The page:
IBC was founded in January 2003 by volunteers from the UK and USA who “felt responsibility to ensure that the human consequences of military intervention in Iraq were not neglected.” The organisation records civilian deaths since the 2003 invasion of Iraq, and has a separate running total which includes combatants.
The database includes deaths caused by US-led coalition forces and paramilitary or criminal attacks by others. At a minimum, each incident recorded includes the number of people killed, where, and when. However, the data can be much more extensive, including details of the following: date, time, place, target, minimum deaths, maximum deaths, minimum injuries, maximum injuries, weapons, killers, media sources, primary witnesses, name, age, gender, marital status, parental status, and occupation.
As much detail as possible is recorded in a standard format, which also ensures that double counting does not occur. The database can record a range of deaths, with the highest and lowest number of deaths published by at least two independent sources being recorded.
The database is free and able to be downloaded by the public. It contains 18 variables, including weapon type, and is relatively easily searched. IBC also releases its distinct original press and media sources to “bona-fide enquirers for research and verification purposes.”
IBC uses English language media reports of violent events and bodies being found as the primary sources for their data, although the reports do not always originate in English. These media reports are supplemented by the “review and integration” of hospital, morgue, NGO and official figures. All incidents must be reported by a minimum of two independent sources. Where this is not possible, the incident will be marked as ‘provisional.’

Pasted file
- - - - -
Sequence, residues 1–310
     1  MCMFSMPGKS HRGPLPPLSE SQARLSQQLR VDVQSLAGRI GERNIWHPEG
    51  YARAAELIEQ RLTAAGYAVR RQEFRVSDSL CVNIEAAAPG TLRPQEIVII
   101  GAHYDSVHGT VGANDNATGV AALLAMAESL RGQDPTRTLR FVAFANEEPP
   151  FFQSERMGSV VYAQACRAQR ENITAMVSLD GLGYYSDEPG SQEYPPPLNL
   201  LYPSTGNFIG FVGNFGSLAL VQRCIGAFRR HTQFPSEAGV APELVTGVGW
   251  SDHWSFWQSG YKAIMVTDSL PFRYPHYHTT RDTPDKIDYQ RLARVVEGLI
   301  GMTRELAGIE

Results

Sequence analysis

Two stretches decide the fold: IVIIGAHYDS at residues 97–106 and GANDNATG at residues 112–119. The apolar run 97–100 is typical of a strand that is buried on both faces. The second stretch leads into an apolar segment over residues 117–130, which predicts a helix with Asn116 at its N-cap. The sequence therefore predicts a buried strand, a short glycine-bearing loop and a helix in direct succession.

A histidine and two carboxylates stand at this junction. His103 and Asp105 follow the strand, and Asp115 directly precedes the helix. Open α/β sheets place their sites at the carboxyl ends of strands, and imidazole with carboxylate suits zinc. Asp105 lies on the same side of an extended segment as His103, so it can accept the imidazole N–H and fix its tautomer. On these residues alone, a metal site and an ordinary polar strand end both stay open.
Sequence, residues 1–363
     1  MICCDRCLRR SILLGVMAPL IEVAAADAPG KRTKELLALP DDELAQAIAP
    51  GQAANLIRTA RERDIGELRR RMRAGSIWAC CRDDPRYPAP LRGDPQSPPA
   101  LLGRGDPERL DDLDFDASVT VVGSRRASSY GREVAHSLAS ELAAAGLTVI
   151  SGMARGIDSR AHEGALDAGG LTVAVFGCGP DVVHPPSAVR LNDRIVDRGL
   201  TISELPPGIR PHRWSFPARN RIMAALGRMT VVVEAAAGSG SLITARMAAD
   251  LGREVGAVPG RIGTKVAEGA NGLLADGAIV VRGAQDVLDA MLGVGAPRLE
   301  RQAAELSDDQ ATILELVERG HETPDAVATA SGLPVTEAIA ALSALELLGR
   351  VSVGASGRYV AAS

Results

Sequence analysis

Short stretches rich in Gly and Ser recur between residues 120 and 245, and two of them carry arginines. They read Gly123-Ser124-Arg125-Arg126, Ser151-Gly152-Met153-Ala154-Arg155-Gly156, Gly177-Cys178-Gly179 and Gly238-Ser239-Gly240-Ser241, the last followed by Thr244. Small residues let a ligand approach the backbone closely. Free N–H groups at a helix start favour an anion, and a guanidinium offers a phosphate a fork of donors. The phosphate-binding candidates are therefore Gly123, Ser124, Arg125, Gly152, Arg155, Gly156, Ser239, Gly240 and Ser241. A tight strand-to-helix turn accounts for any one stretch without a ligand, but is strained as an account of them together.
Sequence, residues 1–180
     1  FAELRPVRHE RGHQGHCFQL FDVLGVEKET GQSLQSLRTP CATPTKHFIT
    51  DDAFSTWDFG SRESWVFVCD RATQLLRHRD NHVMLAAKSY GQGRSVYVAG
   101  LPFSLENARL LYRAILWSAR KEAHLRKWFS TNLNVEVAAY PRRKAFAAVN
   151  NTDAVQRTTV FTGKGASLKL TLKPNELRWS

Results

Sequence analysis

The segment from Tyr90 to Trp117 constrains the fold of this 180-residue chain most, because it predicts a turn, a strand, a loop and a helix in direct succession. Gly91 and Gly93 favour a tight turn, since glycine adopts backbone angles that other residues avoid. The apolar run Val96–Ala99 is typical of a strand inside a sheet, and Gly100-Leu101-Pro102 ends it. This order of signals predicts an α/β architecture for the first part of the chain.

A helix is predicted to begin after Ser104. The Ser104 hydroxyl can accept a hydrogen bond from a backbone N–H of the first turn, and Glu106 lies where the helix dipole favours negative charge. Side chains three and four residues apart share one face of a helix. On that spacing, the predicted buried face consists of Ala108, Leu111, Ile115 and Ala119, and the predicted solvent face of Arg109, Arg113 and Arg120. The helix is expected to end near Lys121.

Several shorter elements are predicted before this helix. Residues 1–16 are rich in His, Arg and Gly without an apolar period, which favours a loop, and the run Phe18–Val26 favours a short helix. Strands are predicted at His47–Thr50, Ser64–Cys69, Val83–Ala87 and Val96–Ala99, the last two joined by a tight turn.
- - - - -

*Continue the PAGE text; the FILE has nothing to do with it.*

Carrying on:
The principal limitation in the database is found in the coding of the weapon used in each incident. There appears to be no common terms used by those entering incidents into the database, which makes it extremely difficult to search the database for incidents which involved an IED. For example, under ‘weapons,’ one can find a myriad of descriptions, including: “a car packed with explosives,” “car bomb,” “roadside bomb,” “bomb in cart,” “bomb in cart near café.” This makes any analysis of the use of IEDs in Iraq very difficult, if not impossible.
This profile is part of AOAV’s investigation into counter-IED (C-IED) actors around the globe. To see the list of all C-IED actors recorded by AOAV, see here. To see those engaged in the Middle East, the Sahel, North Africa or other highly impacted countries please see here, here, here, and here respectively. This research was made possible by funding from the NATO Counter Improvised Explosive Devices Centre of Excellence (C-IED COE). To read the full report, ‘Addressing the threat posed by IEDs: National, Regional and Global Initiatives’, see here.
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